By Andrea Camilleri
Translated from the Italian
by Stephen Sartarelli
Penguin, 288 pp., $15
nolead ends nolead begins
Reviewed by Peter Rozovsky
Fifteen books into his Inspector Salvo Montalbano series (with several titles yet to be translated from Italian/Sicilian/Camillerian into English), Andrea Camilleri manages both to offer readers the pleasures they've come to expect, and to vary the ingredients and add enough emotional depth to keep the series from growing tired.
In book 14 (The Age of Doubt), for example, Salvo is cursing the saints by the novel's second sentence. (It's a favored Salvo behavior.) In the Dance of the Seagull, he does not curse the saints until page 104, and for me the deferred pleasure is like that gained by letting a vintage port age just a few years more. ("Cursing the saints" is translator Stephen Sartarelli's rendering of the Sicilian santiare, a verb Camilleri's Spanish and German translators have lamely rendered as their languages' versions of to curse - or eliminated altogether.)
The Dance of the Seagull retains the acid-tipped social commentary that marks the earlier books, but the jabs, while sharper than ever, have become more human. The exasperated vitriol aimed at government and Mafia remains, that is, but it now lays bare more than it did before the human consequences of the misdeeds at which the narrator rails. That the central mystery here is the disappearance of Salvo's valued colleague, Fazio, only heightens the pathos.
Indeed, an increasingly empathetic touch makes the Montalbano books one of the rare long-running crime series that grow stronger with time, and almost certainly the most affecting. Camilleri was 68 when the first Montalbano book appeared, and he recently turned 87. The titles available in English have taken Salvo from his 40s to age 57, complete with amusing and touching descriptions of the aches and pains of aging.
In recent novels Salvo has grown more tender toward his lover, Livia, and more appreciative of what his colleagues mean to him. In The Dance of the Seagull, the humanity takes the form of Salvo's new revulsion at the savagery he witnesses while investigating three killings, and the introspection and empathy manifest themselves from the beginning. (The title refers to a seagull's dance of death that Salvo witnesses from his seaside home and that haunts him and his dreams throughout the novel. Camilleri integrates this dream into the mystery more skillfully than he has done in earlier books. He's beginning to get the hang of this Montalbano thing.)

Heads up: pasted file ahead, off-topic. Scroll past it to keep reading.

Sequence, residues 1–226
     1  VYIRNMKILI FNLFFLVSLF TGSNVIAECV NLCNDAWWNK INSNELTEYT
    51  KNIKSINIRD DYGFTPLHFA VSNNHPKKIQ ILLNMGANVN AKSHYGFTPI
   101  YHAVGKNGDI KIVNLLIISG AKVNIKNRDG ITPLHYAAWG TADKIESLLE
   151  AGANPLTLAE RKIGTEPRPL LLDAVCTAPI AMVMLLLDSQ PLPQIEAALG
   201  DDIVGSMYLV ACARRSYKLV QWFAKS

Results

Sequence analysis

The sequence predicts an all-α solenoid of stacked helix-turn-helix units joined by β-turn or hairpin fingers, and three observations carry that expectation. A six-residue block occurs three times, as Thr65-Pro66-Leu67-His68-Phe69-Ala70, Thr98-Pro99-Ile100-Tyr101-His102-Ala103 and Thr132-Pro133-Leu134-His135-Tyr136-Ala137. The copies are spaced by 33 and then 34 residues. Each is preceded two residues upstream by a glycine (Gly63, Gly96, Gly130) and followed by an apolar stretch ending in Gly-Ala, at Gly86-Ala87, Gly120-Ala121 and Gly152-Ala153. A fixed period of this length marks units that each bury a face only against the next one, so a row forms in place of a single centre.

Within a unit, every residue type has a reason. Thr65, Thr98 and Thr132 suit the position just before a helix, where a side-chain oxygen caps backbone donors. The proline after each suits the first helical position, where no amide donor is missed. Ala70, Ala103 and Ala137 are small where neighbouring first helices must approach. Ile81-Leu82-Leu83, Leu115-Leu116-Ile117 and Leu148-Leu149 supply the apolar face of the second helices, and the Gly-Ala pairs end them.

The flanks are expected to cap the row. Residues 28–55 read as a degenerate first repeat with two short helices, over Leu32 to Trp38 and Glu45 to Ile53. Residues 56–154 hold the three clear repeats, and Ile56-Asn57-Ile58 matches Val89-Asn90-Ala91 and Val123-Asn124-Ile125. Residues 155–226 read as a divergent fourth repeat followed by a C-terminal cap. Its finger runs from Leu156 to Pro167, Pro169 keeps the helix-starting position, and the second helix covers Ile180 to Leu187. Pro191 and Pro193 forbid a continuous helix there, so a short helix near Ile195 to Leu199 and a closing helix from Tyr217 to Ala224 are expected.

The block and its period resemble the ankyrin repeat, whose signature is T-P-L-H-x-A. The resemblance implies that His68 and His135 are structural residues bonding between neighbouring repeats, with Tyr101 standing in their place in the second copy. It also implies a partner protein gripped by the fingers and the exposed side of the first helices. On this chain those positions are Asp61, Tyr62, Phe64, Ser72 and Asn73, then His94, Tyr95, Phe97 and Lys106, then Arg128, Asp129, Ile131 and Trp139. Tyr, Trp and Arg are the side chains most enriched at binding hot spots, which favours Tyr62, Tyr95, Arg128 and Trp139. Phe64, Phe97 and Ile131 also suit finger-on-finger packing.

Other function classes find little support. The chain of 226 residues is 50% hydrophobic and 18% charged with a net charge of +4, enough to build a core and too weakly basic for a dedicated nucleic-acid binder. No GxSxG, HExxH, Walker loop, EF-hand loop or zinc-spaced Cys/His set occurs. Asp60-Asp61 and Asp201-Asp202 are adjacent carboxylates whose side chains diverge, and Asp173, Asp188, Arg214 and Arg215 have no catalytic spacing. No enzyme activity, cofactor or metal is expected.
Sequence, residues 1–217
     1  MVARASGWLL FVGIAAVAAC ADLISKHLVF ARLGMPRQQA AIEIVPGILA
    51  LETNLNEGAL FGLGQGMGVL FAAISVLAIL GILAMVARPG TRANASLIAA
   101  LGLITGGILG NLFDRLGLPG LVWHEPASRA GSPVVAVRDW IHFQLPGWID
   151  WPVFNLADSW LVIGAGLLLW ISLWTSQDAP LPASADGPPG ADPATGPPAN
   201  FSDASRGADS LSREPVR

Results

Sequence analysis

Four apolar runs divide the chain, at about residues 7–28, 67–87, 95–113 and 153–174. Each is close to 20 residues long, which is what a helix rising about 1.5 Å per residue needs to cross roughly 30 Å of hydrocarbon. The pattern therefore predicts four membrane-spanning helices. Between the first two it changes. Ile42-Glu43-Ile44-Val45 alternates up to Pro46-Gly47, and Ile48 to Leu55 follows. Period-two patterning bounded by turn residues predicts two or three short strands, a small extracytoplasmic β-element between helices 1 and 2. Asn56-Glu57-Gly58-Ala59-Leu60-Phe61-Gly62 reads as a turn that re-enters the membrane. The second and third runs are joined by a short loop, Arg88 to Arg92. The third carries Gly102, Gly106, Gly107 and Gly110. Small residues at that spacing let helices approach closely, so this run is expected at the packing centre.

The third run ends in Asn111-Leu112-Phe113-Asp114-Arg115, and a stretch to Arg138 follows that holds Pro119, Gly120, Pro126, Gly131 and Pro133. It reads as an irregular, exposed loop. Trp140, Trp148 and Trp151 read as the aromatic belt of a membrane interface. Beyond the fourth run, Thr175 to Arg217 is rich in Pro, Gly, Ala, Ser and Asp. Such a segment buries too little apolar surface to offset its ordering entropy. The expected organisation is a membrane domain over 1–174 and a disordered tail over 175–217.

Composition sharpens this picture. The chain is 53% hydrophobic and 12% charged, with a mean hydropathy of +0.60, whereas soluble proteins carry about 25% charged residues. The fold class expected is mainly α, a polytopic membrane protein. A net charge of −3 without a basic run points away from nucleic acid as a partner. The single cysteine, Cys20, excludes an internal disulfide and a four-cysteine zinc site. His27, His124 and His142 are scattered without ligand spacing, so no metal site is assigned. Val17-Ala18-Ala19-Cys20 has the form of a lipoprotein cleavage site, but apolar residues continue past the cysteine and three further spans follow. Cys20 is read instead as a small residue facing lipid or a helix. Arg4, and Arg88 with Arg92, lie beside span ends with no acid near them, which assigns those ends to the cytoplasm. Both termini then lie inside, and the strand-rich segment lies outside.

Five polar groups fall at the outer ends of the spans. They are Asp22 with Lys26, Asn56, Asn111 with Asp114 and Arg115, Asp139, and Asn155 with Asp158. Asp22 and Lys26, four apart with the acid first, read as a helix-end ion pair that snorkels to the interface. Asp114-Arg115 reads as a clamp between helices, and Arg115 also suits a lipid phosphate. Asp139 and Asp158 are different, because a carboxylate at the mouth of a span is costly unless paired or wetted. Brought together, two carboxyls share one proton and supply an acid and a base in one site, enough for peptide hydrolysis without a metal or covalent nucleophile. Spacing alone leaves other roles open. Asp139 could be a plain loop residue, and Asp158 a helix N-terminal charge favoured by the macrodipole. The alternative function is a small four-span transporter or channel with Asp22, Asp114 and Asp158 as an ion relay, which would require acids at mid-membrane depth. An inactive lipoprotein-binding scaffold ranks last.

But introspection and empathy need not imply surrender or resignation. Indeed, Salvo not only solves the murders and arrests the murderers, but he also manages to exact a bit of revenge from a powerful target.
Most moving of all, perhaps, is Montalbano's tendency to melancholy acceptance. The novel's blackmail/murder plot has drawn him into intimate contact with a woman he finds exciting - but he is deflated when the crime's solution means she need see him no longer. Salvo takes the news hard, but there is no room for self-pity or alcoholic dissipation in this fictional detective's world. The novel's last word, in fact, is caponata, a delicious conclusion.
The Dance of the Seagull also offers an entertaining Pirandellian nod to the internationally successful television series based on the Montalbano novels. Says Salvo to Livia:
"I wouldn't want to run into a film crew shooting an episode of that television series right as we're walking around there. . . . They film around there, you know."
"What the hell do you care?"
"What do you mean, what the hell do I care? And what if I find myself face to face with the actor who plays me? . . . What's his name - Zingarelli . . . "
"His name's Zingaretti . . . But I repeat: What do you care? How can you still have these childish complexes at your age?"
"What's age got to do with it?"
"Anyway, he doesn't look the least bit like you."
"He's a lot younger than you."